Different possible causes or factors of AEFI were entertained by the respondents. The most frequently mentioned cause for AEFI was an error in vaccine administration. A respondent from a health facility said:

“Due to the way the RI provider is administering the vaccine; lack of proper administration of the vaccine to the child may cause AEFI e.g., Penta vaccine given at the wrong site….”-RT4

Vaccine defects, vaccine composition and vaccine overdoses were also mentioned as the possible cause of AEFI. Besides, anxiety and coincidental events were mentioned for the AEFI claim. A respondent shared his experience on a sick child who lost consciousness immediately after receiving a vaccine as follow:

“It can be coincidental. I remembered during the yellow fever vaccination campaign, there was a girl down with fever before she fully recovered, the mother insisted that we have to administer a vaccine to the child, after receiving the vaccine, she immediately became unconscious, that was what led to AEFI, she was rushed to the hospital where after series of test and examination, she was said to have malaria”-RT6

Another respondent attributed individual genetic make-up and vaccine recipient condition as a possible cause of AEFI.

“Individual differences, the make-up of a person is one of the causes of AEFI, some people can eat “Tuwon Dawa” (cooked Guinea corn flour meal), and it becomes a problem while for others it’s normal, so as a result of the genetic make-up of an individual, they react to certain drugs”-RT12

Experience on AEFI

The study participants shared non-serious and serious AEFI encountered experiences they ever faced. Persistent crying, fever, faintness and swelling and tenderness at injection sites were among the frequently mentioned ones. A veteran respondent shared his experience on AEFI he has ever witnessed as follows.

“I have experienced swelling, fever and redness, ....I have experienced coma, convulsion and shock….” -RT20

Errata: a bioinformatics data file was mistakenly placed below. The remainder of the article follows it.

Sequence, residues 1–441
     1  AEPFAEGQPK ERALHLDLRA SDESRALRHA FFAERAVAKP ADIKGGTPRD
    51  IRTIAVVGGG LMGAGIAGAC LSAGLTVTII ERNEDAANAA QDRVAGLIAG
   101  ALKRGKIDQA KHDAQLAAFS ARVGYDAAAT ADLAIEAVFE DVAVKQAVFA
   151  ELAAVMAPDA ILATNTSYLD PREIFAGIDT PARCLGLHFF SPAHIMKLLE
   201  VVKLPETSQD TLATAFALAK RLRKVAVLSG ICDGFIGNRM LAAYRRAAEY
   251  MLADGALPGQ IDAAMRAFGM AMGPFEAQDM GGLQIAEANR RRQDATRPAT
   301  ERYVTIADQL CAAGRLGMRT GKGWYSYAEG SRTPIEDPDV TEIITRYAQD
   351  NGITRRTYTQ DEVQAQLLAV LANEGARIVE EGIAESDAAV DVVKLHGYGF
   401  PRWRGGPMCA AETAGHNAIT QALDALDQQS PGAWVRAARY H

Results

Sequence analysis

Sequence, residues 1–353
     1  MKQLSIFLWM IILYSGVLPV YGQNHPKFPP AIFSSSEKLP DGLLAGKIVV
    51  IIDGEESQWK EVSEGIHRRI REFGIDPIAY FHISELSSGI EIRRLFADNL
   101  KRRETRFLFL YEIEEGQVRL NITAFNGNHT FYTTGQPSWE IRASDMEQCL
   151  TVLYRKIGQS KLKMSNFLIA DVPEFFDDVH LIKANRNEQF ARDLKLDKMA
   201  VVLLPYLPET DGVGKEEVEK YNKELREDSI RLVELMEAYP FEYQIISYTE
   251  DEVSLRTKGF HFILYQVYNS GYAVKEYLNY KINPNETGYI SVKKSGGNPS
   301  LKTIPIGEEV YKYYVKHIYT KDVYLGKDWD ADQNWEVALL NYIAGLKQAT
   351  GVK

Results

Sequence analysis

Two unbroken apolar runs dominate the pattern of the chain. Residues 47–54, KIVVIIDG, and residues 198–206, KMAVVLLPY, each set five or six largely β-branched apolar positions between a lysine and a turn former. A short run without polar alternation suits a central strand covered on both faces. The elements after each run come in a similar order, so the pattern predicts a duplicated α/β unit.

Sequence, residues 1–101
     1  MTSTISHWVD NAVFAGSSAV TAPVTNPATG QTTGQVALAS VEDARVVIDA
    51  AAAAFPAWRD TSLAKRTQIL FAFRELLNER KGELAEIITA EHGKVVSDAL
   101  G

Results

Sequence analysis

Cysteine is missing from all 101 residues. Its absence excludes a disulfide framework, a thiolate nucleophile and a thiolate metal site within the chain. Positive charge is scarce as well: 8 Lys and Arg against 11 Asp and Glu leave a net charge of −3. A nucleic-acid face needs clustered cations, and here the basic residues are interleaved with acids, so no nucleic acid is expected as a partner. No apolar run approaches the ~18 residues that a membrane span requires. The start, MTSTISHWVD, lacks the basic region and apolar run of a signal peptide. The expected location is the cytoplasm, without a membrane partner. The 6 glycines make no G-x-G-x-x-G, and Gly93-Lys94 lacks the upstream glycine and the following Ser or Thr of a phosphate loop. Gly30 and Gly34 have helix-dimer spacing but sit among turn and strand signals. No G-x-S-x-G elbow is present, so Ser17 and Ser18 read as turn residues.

Another respondent also explained that he has seen AEFI due to anxiety.

“…. I have experienced a case of AEFI which was caused due to anxiety and because the child became afraid by seeing the syringe”- RT24.

Consequences and crisis of AEFI

The main consequences of AEFI stated by the respondents were lower immunization uptake and block rejection of vaccination. Due to the adverse events, families were rejecting the subsequent immunization doses and spreading misinformation that had happened to their child to the community members affecting the overall immunization uptake. Following AEFI, families would develop a negative perception of the immunization services, there could also be crises between spouses and boycotting other primary health care services. These were mentioned by some of the respondents.

“I witnessed a caregiver refusing to allow her child to take the vaccine. When I went to investigate, the woman told me that her husband asked her not to allow them and if she refused, she would be divorced because the last time she took the child to receive vaccination, the child cried throughout the night”-RT4

“The consequences of AEFI on immunization were increase in drop-out rates and spread of rumors on Immunization Programs, …...if a serious AEFI occurs, especially in the villages, the story will spread easily, ….in that process, people will change the story and give it a different meaning and thereby causing rejection of immunization services”-RT28

Out of the 28 respondents interviewed, only 7 reported an AEFI crisis. Four (4/7) respondents mentioned caregivers losing confidence in RI as the AEFI-related crisis witnessed. Further, attacks on RI service providers, discrimination of RI providers from the community, and divorce threats among spouses were mentioned as a crisis after AEFI happened.

One of the study participants who experienced an attack by an aggrieved community as a result of the AEFI crisis shared his experience below;

“I had an experience when we went to a community, the people in that community chased us away with garden-hoes telling us not to touch any child because the last injection, …. the legs of their children were weak”-RT11

Strategies adopted in educating caregivers on AEFI

Three broad sub-themes emerged from the analysis of the strategies adopted in educating caregivers on AEFI, which include educating caregivers, community sensitization and community dialogue. The respondents stated that educating caregivers one-to-one during and after vaccination about the possible clinical event that could follow the use of specific vaccines was expressed by the respondents to prevent misinformation about the vaccines. Beyond that, community sensitization and dialogue and reassurance of caregivers were strategies mentioned to overcome community vaccine hesitancy following AEFI.

“One of the strategies we adopt is sensitization of the community on AEFI”-RT8

“ …. with the help of the community leader, we resolved the AEFI problem”-RT11